Thursday, September 20 – 26, 2007
A tearful tour
By: MOSES DOTSEY AKLORBORTU, New York
EMOTIONS, tears and feelings of self-pity poured out freely during a tour by some African journalists to a historical and tourism site in Manhattan, New York where bones and possessions of more then 200,000 African slaves have been discovered in mass graves.
The visit coincided with the screening of a 30-minute documentary and the launch of a report by anthropologists and archeologists who discovered the location where freed and enslaved Africans who died through maltreatment and in line of service to their masters lay buried. The site has been designated as a sacred Space.
According to the report released by the team of researchers, the positions of the skeletons in the graves showed the pathetic state in which the slaves died. It identified most of them as women and children who were buried in groups with the skeletal remains of children in the arms of their mothers.
About 419 coffins were discovered before the excavation work at the site was halted ahead of the establishment of the African Buried Ground.
The researchers did not only uncover skeletons but also handy works of slaves such as waist beads, buttons, symbols and cowries believed to have been on the Africans before they were sold into slavery.
This made it possible for the team to trace the victims’ origins to West Africa and to conclude definitively that “most of the cowries, beads, buttons, symbols were from the Gold Coast in present day Ghana”.
Some of the dead could not be buried within the city walls of New Amsterdam (as New York was previously known). As a result, an area of steep hills known as the Klatch-Hook also became the burial ground for the black community.
The place was outside the boundaries of the settlement of New York and now New York City and was lost to history due to landfill and development.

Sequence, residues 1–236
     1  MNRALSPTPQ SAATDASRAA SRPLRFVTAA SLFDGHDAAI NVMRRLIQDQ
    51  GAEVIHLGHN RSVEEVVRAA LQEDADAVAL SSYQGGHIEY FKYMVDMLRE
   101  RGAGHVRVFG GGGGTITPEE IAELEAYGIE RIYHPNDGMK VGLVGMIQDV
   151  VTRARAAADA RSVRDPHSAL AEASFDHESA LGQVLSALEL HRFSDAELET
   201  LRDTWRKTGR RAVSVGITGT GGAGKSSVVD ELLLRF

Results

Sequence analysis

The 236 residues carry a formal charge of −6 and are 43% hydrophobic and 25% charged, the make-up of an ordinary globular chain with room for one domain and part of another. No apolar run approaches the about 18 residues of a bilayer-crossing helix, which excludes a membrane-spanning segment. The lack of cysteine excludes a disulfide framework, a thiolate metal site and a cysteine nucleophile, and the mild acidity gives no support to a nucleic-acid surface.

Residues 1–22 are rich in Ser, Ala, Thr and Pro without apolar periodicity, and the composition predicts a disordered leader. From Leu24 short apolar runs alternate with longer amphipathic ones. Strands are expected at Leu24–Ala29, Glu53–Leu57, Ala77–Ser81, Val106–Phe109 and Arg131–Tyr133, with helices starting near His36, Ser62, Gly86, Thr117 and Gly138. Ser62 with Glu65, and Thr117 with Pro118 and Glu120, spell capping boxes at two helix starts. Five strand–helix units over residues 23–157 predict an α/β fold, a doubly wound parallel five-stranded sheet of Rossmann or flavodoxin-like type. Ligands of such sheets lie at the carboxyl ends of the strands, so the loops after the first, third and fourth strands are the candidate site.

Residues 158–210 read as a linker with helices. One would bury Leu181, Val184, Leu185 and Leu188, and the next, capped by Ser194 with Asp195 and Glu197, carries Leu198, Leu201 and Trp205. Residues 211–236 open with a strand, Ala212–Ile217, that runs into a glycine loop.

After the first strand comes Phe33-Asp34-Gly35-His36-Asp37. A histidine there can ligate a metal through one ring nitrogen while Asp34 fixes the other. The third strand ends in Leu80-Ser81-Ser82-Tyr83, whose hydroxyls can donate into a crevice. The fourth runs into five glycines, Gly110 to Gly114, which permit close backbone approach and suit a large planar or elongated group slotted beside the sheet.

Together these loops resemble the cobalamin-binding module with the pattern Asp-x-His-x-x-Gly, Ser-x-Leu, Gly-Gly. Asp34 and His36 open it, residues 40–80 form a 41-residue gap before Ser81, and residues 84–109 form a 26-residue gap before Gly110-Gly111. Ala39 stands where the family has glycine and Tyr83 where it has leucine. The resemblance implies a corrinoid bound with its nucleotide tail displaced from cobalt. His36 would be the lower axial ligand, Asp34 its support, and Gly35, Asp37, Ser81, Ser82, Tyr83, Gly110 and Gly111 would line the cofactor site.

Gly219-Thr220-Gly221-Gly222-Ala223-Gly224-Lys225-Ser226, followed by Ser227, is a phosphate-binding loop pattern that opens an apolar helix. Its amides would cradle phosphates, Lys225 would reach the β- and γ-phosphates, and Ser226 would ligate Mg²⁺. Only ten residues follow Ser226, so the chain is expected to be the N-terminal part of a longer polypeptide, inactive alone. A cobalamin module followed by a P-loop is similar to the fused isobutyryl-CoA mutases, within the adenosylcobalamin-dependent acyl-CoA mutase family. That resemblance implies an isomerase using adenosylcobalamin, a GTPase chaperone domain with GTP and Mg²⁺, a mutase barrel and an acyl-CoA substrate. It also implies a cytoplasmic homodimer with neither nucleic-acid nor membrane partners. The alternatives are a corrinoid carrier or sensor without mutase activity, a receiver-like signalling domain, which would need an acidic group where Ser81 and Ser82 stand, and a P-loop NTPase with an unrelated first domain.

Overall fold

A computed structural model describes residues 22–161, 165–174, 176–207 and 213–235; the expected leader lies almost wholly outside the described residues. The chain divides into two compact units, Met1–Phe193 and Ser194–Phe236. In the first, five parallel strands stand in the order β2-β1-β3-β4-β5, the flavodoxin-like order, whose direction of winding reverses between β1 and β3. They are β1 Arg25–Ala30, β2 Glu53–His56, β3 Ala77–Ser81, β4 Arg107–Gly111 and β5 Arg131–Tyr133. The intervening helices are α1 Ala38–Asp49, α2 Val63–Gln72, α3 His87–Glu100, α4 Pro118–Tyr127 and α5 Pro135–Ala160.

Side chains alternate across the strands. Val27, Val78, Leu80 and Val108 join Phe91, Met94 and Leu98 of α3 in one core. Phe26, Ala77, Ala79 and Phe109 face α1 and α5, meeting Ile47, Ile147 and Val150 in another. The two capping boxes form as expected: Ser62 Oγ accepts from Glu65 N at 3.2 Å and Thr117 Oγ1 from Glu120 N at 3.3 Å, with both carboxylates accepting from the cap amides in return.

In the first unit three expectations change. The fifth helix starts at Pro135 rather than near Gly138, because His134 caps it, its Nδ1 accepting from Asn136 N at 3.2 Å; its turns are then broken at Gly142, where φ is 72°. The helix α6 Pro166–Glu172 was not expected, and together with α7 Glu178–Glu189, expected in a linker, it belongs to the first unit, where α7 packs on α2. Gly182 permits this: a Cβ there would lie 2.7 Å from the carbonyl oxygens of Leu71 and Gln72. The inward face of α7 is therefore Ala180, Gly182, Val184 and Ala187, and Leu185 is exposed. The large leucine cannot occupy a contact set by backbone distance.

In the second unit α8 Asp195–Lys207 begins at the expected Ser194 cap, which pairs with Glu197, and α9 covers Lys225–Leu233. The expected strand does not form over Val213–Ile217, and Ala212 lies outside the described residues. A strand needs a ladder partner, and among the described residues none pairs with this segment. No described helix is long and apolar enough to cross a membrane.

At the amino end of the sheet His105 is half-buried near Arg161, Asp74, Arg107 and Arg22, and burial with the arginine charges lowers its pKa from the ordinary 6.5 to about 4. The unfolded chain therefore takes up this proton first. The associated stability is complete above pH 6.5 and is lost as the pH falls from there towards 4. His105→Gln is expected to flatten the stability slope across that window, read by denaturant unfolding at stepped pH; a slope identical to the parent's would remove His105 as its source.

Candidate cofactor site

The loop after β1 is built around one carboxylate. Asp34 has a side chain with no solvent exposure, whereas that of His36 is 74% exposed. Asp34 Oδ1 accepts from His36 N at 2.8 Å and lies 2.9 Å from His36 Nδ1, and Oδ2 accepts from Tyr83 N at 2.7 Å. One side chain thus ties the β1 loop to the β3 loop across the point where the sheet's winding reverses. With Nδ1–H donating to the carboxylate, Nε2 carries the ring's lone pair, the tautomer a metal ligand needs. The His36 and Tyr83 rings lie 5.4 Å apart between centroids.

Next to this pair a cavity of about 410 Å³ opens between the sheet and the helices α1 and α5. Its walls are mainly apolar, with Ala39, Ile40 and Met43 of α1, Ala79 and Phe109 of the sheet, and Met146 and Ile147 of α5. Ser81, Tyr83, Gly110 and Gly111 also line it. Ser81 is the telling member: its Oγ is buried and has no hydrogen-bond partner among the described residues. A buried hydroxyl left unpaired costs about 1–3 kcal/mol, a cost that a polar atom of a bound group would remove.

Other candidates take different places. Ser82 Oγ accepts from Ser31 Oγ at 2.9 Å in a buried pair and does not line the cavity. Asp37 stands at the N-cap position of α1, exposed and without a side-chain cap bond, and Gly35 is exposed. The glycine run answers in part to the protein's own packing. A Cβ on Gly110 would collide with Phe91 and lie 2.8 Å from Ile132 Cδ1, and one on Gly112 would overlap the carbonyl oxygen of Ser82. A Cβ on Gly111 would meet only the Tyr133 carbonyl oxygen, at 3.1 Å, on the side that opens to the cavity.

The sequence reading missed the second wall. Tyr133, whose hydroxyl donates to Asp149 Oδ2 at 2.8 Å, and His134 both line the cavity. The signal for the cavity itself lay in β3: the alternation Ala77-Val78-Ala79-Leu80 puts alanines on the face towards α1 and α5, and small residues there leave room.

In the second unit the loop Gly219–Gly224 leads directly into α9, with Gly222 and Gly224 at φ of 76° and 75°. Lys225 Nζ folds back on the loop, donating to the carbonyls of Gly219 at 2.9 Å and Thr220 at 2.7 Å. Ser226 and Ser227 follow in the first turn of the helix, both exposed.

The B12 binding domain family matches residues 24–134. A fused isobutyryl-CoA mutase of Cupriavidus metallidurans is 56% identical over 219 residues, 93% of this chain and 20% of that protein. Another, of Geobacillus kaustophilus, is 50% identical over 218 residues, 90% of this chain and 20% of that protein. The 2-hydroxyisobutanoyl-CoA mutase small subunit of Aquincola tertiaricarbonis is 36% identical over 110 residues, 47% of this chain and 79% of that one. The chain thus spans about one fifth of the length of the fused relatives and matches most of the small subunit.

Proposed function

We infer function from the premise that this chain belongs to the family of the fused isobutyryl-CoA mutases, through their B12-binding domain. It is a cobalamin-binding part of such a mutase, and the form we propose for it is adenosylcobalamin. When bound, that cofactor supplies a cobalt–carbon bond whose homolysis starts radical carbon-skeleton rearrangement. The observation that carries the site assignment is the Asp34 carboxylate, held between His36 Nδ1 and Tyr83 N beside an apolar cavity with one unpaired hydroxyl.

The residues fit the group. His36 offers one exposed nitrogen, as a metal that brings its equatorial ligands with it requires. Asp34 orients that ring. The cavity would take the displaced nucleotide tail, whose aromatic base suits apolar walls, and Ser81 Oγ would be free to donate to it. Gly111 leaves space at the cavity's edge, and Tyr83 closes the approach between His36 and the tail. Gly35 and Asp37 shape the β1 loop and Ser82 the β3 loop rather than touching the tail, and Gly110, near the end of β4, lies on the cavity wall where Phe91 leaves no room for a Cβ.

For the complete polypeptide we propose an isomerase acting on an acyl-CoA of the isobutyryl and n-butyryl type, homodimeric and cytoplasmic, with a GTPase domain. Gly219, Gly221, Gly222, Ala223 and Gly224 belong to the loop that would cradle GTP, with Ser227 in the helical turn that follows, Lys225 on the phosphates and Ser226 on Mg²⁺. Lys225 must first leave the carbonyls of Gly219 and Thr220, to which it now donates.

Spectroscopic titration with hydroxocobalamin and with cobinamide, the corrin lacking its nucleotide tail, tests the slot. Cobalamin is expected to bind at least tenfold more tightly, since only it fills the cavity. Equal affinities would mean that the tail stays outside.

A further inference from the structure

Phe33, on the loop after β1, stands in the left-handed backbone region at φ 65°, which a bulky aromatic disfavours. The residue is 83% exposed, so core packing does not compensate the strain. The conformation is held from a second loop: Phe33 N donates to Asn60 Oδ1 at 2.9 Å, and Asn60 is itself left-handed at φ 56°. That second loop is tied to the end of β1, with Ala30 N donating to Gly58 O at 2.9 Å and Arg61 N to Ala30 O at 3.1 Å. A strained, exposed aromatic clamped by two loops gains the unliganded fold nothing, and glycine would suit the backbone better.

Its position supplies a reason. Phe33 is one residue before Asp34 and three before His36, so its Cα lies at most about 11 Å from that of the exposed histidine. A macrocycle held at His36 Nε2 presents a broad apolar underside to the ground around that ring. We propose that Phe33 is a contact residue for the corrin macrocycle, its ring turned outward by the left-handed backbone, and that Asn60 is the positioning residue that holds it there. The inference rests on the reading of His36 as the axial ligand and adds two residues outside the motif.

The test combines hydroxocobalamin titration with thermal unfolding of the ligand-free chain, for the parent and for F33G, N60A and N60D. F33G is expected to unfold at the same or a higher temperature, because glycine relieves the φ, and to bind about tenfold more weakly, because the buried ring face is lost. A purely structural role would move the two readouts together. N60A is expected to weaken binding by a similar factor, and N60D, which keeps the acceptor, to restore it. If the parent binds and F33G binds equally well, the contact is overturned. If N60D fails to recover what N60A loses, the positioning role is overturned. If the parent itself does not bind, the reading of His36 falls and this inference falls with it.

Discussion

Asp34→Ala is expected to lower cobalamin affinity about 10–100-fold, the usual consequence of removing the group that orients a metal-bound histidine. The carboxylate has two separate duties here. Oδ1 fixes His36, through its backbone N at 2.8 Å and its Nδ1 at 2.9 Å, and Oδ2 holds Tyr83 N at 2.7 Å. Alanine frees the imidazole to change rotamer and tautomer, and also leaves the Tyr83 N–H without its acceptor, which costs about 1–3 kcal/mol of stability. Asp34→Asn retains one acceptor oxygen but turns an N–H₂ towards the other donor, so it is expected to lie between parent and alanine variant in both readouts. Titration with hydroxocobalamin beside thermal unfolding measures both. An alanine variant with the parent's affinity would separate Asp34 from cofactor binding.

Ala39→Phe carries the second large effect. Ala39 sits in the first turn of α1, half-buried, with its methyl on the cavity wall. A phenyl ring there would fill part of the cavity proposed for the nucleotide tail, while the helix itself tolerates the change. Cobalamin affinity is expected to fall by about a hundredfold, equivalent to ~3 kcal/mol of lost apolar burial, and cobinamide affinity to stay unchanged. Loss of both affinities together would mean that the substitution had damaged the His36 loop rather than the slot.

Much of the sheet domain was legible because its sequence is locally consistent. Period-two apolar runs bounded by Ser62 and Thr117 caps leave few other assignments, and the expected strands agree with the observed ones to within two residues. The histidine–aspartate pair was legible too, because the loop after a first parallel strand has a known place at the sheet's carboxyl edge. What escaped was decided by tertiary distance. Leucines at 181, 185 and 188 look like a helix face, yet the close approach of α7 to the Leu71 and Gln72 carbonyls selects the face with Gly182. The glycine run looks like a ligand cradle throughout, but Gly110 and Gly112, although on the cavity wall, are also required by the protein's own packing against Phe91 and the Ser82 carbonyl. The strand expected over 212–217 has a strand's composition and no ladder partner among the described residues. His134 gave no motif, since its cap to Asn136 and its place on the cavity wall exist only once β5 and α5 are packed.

In one of the graves, specifically grave 340, a woman believed to be about 50 years, was wearing a bracelet alternating yellow and black on her waist, wore dark blue beads and cowry shells then the trade mark of royals from West Africa.
The establishment of the project followed the victory won by advocates for the establishment of a burial ground and the release of millions of dollars by the Federal Government for the establishment of a memoriam.
The grounds were rediscovered in 1991 during the construction of a Federal Office building at the site which was met with fierce resistance from Africans and African Americans.
Work on the ground is expected to be completed by next month. The President of the United States, according to Ms. Monique Singletary, a Park Ranger, proclaimed the African Burial Ground as a National Monument at a major ceremony at the site.
Although the Centre is still under construction by the General Service Administration, the National Park Service and AARIS Architects, the park receives numerous visitors to have a feel and reconnect with the past.
There is also a Visitors Centre which provides educational programmes and interpretes the commemorative art works commissioned for the burial Ground.
The Visitors Centre is currently in the Federal office building, where visitors go through a post 9/11 airport-style screening before entry. The centre has a circle which contains symbols of many tribes and clans in Ghana and other parts of the West African Coast. The ethnic groups represented include the Ewes, the Akans, Gas and the Ashantis all captured in many Adinkra symbols.
In this encounter with some of the ugliest chapters in human history, Ghana is well displayed on the walls of the Centre which is decorated with Adinkra symbols from Ghana with the huge embossment of Sankofa and Biribi Wo Soro symbols on the sides.
In the inner perimeter of the centre, there were other symbols like, ‘Akoma’, meaning the heart and representing patience and tolerance, ‘Akoma Ntoso’, symbolizing understanding and agreement, divinity of mother earth, ‘Asase Ye Duru’, followed by the ‘Denkyem’ (Crocodile) which tells one to be adaptable to situations as the crocodile does on land and in water.
Others include, ‘Dwennimmen’ for humility and strength, ‘Funtunfunefu-Denkyefuntunefu’, (Siamese twins) symbolizing, unity in diversity and the symbol of ‘Gye Nyame’ which holds that history cannot be erased except by God and his supreme powers.
It was a fascinating experience for the group of African journalists from Ghana, Tanzania, Guinea, Zimbabwe and Mozambique who entered the monument with smiles, but left broken hearted with a lot of questions unanswered.
GRAPHIC SHOWBIZ - Thursday, September 20 – 26, 2007 Page: 19